This laptop comes with an onboard M2 SATA drive that has a 256GB capacity, with the provision of adding a SATA hard disk internally. Whilst you could add another SSD, I decided to reuse an old HDD I had around for some extra storage.
To prepare, make sure you have the hard disk ready that you would like to install and the SATA cable. The thickness of the SATA drive is important, as you will see later I made the mistake of installing a thicker HDD than the bay is designed for. I would also check and make sure the SATA cable is already shipped inside your laptop, since I assumed I had to purchase one separately.
This was a bit tricky, you have to unscrew the screws, the top three being fastened into place and are non-removable. What this means is that you unscrew then as normal but they do not come out of the case, rather they stay to prevent them from falling out.
Once the screws have been removed or loosened, you will need to pry around the edges of the laptop with either a credit or debit card or a thin plastic tip to loosen it. You may need to pry to get it to loosen, be gentle and apply even gradual pressure.
Removing the caddy
Once opened you will locate the area where the HHD will be installed, alongside the battery that will need to be removed and the socket where the SATA cable will connect to
Removing the battery
The SATA cable will need to route under the internal battery, so we have to temporary remove it, or in my case move it so we can access the area underneath There enough space where you can just place the battery on top of the motherboard whilst you install the SATA cable.
Adding the Hard Drive
Dell have provided a hard disk caddy where the drive can be installed, simply unscrew it (for screws) to take it out.
Unfortunately at this point is where I made my first mistake, since I assumed Dell did not provided you with the SATA cable and had to be purchased separated. Imagine my surprise when I took out the HDD enclosure and saw the SATA cable nestled between the plastic cover, meaning I now have two SATA cables. Well that’s £18 wasted…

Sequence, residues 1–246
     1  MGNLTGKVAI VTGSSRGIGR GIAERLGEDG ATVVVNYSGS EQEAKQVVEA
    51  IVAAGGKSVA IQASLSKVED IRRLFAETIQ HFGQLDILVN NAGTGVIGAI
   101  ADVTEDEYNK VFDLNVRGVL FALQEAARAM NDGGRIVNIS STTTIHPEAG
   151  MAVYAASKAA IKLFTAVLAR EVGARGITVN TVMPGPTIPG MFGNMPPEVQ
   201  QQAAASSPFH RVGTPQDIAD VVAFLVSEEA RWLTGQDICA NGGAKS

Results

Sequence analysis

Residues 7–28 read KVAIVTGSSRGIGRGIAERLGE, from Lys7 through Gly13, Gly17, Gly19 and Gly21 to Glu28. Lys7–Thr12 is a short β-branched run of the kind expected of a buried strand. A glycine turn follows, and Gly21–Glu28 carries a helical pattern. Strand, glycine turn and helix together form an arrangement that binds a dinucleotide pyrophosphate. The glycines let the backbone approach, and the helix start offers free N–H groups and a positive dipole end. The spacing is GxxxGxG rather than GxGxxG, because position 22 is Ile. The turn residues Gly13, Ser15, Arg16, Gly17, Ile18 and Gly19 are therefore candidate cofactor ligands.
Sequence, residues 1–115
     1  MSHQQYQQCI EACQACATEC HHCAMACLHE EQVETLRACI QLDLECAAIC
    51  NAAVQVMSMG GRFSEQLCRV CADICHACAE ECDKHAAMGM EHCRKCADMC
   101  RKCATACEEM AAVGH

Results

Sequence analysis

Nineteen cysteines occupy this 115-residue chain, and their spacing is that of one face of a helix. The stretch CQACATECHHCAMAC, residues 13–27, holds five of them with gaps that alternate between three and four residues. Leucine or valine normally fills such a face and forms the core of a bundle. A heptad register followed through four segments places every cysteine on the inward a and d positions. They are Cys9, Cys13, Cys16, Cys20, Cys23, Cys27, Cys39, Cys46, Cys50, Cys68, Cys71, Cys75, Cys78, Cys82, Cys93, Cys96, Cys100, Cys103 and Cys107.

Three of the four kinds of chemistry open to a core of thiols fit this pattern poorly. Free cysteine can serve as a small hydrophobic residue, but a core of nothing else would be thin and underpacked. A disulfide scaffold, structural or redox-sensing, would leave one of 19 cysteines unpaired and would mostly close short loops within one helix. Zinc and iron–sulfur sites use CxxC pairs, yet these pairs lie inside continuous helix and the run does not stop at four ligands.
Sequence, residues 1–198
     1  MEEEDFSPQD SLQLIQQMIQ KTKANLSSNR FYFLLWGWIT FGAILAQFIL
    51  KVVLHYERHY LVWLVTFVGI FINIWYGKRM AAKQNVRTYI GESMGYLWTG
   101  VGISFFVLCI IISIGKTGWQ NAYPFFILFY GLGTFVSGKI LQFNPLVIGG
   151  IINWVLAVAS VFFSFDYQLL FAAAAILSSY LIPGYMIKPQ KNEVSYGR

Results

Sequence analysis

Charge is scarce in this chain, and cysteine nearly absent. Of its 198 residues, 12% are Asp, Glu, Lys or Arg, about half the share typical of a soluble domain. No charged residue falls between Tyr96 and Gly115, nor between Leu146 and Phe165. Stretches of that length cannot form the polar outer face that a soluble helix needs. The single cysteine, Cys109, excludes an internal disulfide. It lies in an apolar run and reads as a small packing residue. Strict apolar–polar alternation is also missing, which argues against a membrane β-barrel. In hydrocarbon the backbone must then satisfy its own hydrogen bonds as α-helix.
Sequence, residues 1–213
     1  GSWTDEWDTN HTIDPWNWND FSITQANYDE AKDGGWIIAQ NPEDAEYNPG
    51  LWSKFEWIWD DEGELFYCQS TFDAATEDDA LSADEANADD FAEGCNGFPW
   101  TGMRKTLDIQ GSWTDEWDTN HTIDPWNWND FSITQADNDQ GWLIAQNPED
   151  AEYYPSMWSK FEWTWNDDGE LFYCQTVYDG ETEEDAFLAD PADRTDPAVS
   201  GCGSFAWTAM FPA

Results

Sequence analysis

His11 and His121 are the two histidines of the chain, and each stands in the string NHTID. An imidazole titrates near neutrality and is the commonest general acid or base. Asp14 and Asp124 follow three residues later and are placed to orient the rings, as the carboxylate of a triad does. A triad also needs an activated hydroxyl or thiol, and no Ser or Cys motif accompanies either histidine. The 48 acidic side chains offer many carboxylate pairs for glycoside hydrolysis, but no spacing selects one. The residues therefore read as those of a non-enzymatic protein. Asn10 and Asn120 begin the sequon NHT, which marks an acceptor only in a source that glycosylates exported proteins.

Then again at least I have one spare incase anything was to happen to it. I’m pretty sure the Dell service manual mentioned you had to buy the came separately, or maybe that only applies to certain markets?
Now it is time to screw in the HDD, which is where I ran into the second issue. I noticed the SATA cable wouldn’t reach, At first I thought I had installed the HDD the wrong way round since the connector wasn’t aligning up but from looking at the hole underneath the HDD bay it seemed to fit. Upon closer inspection it seemed the hard drive I was trying to install was too tall for the enclosure and I had installed it upside down. When the hard drive is too THICC for the laptop…
Thankfully I had another hard drive lying around, a HGST that was pulled from my old PS4 when I upgraded its hard disk. This hard drive was thin enough that it would fit inside the bay.
A quick power on test before reassembly to ensure I didn’t fuck anything up. The laptop booted and the HDD was recognised in its
BIOS EFI (Still trying to get used to that)